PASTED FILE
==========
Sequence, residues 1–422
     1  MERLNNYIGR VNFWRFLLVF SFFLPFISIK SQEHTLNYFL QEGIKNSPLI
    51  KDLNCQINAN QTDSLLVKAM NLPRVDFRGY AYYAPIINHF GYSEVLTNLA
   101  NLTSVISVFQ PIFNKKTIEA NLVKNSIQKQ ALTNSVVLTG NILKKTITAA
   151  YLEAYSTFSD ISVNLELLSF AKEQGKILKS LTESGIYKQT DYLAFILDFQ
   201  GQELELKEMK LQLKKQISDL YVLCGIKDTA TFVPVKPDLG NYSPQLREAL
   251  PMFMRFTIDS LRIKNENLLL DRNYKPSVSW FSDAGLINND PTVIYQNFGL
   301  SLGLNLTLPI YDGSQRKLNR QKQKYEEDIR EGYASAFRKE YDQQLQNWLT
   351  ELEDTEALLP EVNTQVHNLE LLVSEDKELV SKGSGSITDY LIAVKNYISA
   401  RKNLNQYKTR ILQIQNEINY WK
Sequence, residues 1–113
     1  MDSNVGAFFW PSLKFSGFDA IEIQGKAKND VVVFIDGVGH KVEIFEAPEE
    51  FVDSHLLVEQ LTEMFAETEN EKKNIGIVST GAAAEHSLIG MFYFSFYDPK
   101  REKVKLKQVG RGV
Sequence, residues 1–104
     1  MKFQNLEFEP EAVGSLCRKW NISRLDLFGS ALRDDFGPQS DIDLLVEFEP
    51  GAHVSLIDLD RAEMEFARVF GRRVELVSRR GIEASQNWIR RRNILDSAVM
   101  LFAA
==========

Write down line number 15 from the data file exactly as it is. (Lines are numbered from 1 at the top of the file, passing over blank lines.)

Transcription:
Sequence, residues 1–104